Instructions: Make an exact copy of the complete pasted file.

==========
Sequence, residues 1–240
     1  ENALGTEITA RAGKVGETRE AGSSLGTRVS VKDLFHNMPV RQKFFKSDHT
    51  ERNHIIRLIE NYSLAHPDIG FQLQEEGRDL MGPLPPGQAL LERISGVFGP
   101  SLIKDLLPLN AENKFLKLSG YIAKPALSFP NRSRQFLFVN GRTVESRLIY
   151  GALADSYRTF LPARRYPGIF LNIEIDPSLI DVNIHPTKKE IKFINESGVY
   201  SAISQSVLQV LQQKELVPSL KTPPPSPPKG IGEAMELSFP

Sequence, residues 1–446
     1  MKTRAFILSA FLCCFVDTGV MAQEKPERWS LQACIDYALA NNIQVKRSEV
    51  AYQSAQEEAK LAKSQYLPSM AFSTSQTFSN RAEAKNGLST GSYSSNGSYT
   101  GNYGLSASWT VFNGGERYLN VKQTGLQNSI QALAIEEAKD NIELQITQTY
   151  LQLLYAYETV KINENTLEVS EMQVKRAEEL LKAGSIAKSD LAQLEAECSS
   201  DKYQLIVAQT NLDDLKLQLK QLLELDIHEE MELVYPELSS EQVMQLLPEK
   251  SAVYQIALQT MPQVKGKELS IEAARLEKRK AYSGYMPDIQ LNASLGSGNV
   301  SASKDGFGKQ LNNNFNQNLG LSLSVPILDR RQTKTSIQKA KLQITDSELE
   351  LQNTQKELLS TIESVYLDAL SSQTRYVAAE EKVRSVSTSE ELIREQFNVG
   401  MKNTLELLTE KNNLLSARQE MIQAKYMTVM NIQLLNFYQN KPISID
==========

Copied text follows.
Sequence, residues 1–240
     1  ENALGTEITA RAGKVGETRE AGSSLGTRVS VKDLFHNMPV RQKFFKSDHT
    51  ERNHIIRLIE NYSLAHPDIG FQLQEEGRDL MGPLPPGQAL LERISGVFGP
   101  SLIKDLLPLN AENKFLKLSG YIAKPALSFP NRSRQFLFVN GRTVESRLIY
   151  GALADSYRTF LPARRYPGIF LNIEIDPSLI DVNIHPTKKE IKFINESGVY
   201  SAISQSVLQV LQQKELVPSL KTPPPSPPKG IGEAMELSFP

Sequence, residues 1–446
     1  MKTRAFILSA FLCCFVDTGV MAQEKPERWS LQACIDYALA NNIQVKRSEV
    51  AYQSAQEEAK LAKSQYLPSM AFSTSQTFSN RAEAKNGLST GSYSSNGSYT
   101  GNYGLSASWT VFNGGERYLN VKQTGLQNSI QALAIEEAKD NIELQITQTY
   151  LQLLYAYETV KINENTLEVS EMQVKRAEEL LKAGSIAKSD LAQLEAECSS
   201  DKYQLIVAQT NLDDLKLQLK QLLELDIHEE MELVYPELSS EQVMQLLPEK
   251  SAVYQIALQT MPQVKGKELS IEAARLEKRK AYSGYMPDIQ LNASLGSGNV
   301  SASKDGFGKQ LNNNFNQNLG LSLSVPILDR RQTKTSIQKA KLQITDSELE
   351  LQNTQKELLS TIESVYLDAL SSQTRYVAAE EKVRSVSTSE ELIREQFNVG
   401  MKNTLELLTE KNNLLSARQE MIQAKYMTVM NIQLLNFYQN KPISID